Attendance logs, obtained from OPCD through a records request, show that 137 focus group members showed up for that first meeting in April—a not-bad 76 percent attendance rate. Since then, though, attendance has curved downward sharply: from 60 percent in May to just 41 percent in September. The numbers for October aren’t available yet, but based on anecdotal reports from group members and my observations at the medium-density focus group I attended near the end of the month, with only 15 of 40 original members present, October attendance was probably lower still.

As important as the sheer numbers is who is no longer showing up. Although the city hasn’t taken any demographic surveys, anecdotal accounts from participants and city staffers, as well as a survey of monthly attendance sheets, indicate that many of the no-shows seem to be people of color, immigrants, and residents of South Seattle  neighborhoods—the exact folks DON had hoped would help bring some new perspectives to the planning process. The one clear exception to this rule is eight focus group members who were recruited by Puget Sound Sage, which provided them with ongoing technical support and follow-up meetings on the fundamentals of zoning and land use law.

Laura Bernstein, a University District community activist who resigned from her focus group in September, says she got discouraged when she saw her group being dominated by the “observers” who were supposed to watch quietly and not participate. (Observers are members of the public who watch the meetings and receive a block of time to comment at the end; their names are recorded and included in official meeting attendance records). She says, “there were a lot of really angry outbursts and a lot of whispering form the observers. So you’re trying to get OPCD to answer your question and there’s someone whispering behind you. It was very disruptive and intimidating.” Bernstein’s resignation letter concluded: “What was the point of getting such a diverse group of people if the people with power weren’t going to do more to foster an inclusive environment to retain them at the table[?] This is what fake equity looks like.”

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Observers at an October focus group meeting. [Photo: Erica C. Barnett]

The medium-density focus group meeting I attended in late October ostensibly included multiple representatives from the Central Area and North Rainier neighborhoods, two areas that are generally more diverse than, say, Phinney Ridge. Nonetheless, for the first half-hour, there was just one person of color, David Osaki from Aurora-Licton Springs, in the meeting room in the basement of city hall.When Rokea Jones, from the Central District, arrived after finishing a meeting of the Seattle Women’s Commission upstairs, she noticed immediately that the wall-size map of her neighborhood had no “dots” (green stickers representing areas or spots participants wanted the full group to discuss further) in her neighborhood. Jones slapped one down on 23rd Ave. S and waited to speak.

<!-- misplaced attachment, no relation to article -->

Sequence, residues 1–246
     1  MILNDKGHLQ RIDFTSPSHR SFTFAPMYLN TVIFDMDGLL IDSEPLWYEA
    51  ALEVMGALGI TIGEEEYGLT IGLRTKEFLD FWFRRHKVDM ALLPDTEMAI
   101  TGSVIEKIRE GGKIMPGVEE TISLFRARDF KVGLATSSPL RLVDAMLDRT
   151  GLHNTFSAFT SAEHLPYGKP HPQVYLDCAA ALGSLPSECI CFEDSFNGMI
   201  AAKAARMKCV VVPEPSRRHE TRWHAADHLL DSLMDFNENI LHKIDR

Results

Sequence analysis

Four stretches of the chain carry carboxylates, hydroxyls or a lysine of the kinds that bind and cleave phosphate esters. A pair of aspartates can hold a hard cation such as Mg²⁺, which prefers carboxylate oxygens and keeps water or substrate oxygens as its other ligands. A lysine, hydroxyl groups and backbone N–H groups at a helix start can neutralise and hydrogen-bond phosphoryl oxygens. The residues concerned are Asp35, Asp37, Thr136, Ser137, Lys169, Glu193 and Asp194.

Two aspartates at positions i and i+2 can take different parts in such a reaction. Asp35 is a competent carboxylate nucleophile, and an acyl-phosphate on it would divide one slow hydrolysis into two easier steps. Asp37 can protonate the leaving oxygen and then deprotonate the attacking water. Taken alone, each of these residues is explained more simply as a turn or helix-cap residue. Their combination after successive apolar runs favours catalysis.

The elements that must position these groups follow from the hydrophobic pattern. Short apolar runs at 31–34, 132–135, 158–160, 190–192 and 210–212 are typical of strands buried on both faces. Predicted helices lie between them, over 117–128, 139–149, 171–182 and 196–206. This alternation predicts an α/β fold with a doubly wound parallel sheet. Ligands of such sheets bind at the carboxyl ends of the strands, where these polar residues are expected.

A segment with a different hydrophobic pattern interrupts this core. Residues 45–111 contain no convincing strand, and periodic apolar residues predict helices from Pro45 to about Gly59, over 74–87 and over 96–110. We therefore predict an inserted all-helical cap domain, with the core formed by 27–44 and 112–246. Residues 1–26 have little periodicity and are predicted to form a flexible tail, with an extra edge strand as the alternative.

Waited, that is, for longtime Fremont neighborhood activist Toby Thaler–a homeowner steeped for decades in the jargon and minutia of land-use decisions—to finish delivering a lengthy jeremiad about how the city “has abandoned neighborhood planning.” Standing up and jabbing his finger down at the seated audience, Thaler denounced the whole focus group process, suggested that the city chose people for the focus groups based on “some other criteria” than aptitude to serve, and lamented how far neighborhood planning had fallen since the 1980s, allowing “horrendous…ugly crap” in once-protected single-family neighborhoods.

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Toby Thaler passionately voices his opinion about the focus group process during an October meeting. [Photo: Erica C. Barnett]

When Jones finally got a word in edgewise (thanks in large part to aggressive hand-waving by OPCD senior planner Geoff Wendlandt, who struggled to get the attention of facilitator Susan Hayman, a consultant for EnviroIssues hired by the city), she talked about the need to prevent displacement in the Central Area. One way to do that, Jones, suggested, was by increasing the amount developers have to pay into an affordable housing fund before they can to build in gentrifying areas. “There’s a vast amount of displacement with this neighborhood,” Jones said. “I understand that there’s developers and a great deal of concern about them losing money, but frankly, I don’t give a shit about them losing money.” It was the first time the issue of displacement had come up all night.

Read more at the South Seattle Emerald.

Council Budget Restores LEAD Funding, Adds Money for Shelters

The city council’s proposed revisions to Mayor Ed Murray’s 2017-2018 budget include the restoration of funding for Law Enforcement Assisted Diversion (LEAD) program expansion, money for lockers so people can store their belongings at overnight shelters, and longer hours at a daytime shelters so that at least some homeless people who use shelters aren’t forced to wander the streets during the day.

The council considered 104 proposed additions and cuts to Murray’s budget yesterday; together, they would cost the city an extra $16.4 million in 2017 and 3.9 million in 2018.